Stories from the brainreels: Guests Gigi & Ashley Williams & Dori Lyon, from Angela’s Sacred Heart
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It’s my great honor to bring you an interview with another female filmmaker two months in a row. While it’s not directly about disability, I think you’ll quickly see the importance and my interest in these topics.
This month’s podcast features African-American filmmaker Gigi Williams, her daughter and actress Ashley Williams, and counselor Dori Lyon. We’re talking about the new short film “Angela’s Sacred Heart.” It’s a very necessary drama based on real-life events from Gigi’s life, with Ashley playing the character inspired by Gigi’s actual experiences. Not only are there the layers of emotion around Gigi coming to terms with sexual assault perpetrated against her when she was a young woman, but then her own daughter now brings Gigi’s story to life by playing her in the film. I can’t begin to tell you what it was like to sit at the table with the three of them together, listening, talking, and watching them watch each other. I have chills writing about it now. Gigi shared the role of Co-Director with Jerry Bell, Jr., and it’s so wonderful that she did. My listeners know I always give preference to media created by someone from the community the film is about, especially when the story centers around someone who is marginalized. Talk about moving from being victimized to being empowered by creating this film.
The podcast is not graphic with assault details, but we are talking about rape, sexual assault, toxic masculinity, and a culture of silencing girls and women who have been victimized and brutalized. Please understand this going in and take care of yourself, whether you choose to listen to it or not.
The next link is to an article from July 20 16. It details the story of a woman who was raped and what happened to her when she had an emotional breakdown while testifying in court. She has a diagnosis of bipolar disorder, which further stigmatized her in how the courts responded to her breaking down. (How do they expect anyone to not break down while describing your rape and assault to a roomful of strangers on even your best day?) With these stories, there’s the crucial question of how a mental illness is directly influenced by sustaining trauma and how trauma itself intensifies someone’s state of mind and affects their wellness. The vicious cycle of trauma, reliving trauma, and retraumatizing. Sensitive readers, please be advised before clicking the next link. The article contains graphic details of miscarriage of justice, victim-blaming by the court, and abuse behind bars. The article is linked here. And I link it here because I want more conversation around this. What Gigi survived a few decades ago continues, and we have to band together, all take responsibility, real responsibility. As Linor Abargil also pointed out in her fierce documentary, Brave Miss World. Like Gigi, Linor shares her own story and also documents numerous other women’s graphic stories of assault. Not just assault, also the community-building and empowerment that comes after sharing and reclaiming charge and autonomy over your body and your life.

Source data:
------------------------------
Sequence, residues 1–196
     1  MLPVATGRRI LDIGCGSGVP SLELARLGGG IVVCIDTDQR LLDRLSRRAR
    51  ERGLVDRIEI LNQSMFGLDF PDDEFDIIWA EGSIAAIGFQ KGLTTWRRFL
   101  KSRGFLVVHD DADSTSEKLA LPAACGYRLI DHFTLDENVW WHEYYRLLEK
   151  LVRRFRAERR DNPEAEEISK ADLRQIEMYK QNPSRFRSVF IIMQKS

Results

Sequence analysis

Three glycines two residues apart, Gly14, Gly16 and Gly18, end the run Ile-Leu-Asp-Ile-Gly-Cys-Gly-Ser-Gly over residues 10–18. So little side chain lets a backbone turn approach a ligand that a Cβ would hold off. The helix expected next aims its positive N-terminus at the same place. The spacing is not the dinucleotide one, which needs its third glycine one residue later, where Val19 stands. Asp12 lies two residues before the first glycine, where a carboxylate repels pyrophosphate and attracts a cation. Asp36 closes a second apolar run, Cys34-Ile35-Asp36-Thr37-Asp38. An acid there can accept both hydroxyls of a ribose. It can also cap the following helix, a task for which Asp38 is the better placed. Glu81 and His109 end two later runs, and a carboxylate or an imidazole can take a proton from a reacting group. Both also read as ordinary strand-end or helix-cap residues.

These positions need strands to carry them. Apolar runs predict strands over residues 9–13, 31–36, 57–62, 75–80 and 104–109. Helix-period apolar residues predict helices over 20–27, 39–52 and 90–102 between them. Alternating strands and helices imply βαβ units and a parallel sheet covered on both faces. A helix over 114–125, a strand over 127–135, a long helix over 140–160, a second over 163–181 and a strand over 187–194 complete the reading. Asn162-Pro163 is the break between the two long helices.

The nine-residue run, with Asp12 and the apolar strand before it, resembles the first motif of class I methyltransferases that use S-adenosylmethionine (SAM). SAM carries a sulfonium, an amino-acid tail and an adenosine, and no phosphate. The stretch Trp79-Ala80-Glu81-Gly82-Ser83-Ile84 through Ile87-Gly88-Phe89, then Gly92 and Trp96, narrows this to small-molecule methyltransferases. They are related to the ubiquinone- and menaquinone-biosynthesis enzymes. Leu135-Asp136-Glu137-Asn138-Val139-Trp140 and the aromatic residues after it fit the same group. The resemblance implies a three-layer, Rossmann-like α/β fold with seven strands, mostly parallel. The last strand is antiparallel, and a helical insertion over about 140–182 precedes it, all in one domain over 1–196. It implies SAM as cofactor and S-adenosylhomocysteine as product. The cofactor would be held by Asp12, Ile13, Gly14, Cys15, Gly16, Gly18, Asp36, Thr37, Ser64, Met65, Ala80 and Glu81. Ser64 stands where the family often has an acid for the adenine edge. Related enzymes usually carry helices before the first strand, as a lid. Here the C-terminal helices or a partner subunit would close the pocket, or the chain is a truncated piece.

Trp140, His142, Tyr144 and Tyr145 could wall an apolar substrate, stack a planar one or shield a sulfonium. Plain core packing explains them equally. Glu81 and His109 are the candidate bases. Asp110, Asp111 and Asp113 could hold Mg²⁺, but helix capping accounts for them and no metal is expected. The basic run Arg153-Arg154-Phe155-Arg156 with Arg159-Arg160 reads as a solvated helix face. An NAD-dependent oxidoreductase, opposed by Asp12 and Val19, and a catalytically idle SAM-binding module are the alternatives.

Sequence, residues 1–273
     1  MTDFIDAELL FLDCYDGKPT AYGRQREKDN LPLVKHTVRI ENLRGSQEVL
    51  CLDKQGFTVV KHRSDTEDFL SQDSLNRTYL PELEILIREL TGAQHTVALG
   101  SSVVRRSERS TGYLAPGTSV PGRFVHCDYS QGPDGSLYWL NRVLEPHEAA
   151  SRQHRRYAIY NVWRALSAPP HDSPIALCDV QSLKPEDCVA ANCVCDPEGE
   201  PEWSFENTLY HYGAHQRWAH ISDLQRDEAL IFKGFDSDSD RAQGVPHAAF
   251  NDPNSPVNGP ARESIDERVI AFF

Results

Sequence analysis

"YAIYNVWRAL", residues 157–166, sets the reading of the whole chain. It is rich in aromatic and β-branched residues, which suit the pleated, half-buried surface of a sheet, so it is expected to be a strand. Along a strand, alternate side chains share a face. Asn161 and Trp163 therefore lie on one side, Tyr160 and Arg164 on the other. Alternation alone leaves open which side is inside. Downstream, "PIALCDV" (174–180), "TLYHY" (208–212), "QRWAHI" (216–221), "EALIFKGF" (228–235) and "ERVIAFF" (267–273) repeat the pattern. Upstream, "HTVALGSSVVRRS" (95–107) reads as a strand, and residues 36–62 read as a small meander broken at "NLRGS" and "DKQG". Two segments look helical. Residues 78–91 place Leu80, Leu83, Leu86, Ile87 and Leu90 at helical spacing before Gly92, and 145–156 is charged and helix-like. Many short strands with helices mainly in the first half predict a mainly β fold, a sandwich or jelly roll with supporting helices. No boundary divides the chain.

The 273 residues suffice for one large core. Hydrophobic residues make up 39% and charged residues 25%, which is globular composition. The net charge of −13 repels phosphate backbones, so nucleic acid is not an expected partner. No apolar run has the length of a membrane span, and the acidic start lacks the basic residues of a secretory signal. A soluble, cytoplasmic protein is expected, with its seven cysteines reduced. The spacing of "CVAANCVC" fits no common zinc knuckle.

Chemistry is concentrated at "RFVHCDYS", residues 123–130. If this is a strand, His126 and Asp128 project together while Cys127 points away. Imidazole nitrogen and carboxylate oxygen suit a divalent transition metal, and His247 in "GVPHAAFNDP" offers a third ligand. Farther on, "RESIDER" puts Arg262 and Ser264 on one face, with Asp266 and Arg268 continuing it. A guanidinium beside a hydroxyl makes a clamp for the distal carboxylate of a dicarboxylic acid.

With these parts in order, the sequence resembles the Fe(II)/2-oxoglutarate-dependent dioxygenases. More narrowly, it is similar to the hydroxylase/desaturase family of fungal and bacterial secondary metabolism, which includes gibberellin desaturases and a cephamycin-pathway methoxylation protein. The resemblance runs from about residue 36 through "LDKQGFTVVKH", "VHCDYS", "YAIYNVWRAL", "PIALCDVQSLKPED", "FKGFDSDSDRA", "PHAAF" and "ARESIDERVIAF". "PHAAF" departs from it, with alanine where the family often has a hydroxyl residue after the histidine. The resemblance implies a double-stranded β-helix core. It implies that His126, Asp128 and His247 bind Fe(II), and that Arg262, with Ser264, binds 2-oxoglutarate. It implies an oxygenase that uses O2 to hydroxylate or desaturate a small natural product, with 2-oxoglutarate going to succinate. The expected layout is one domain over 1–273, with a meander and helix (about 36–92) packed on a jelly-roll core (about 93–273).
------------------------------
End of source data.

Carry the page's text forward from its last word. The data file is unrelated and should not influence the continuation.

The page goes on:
“Angela’s Sacred Heart” is an official selection at the 2016 San Francisco Black Film Festival and the 2016 Action On Film International Film Festival and Writers’ Celebration.
Check out Gigi’s live interview with Brother Cecil on the Portland Community Media show Po’ Folks Community Needs for Justice on August 14th at 3:00 pm.
Please like the Angela’s Sacred Heart Facebook page and follow it for a lot of thought-provoking articles and big announcements.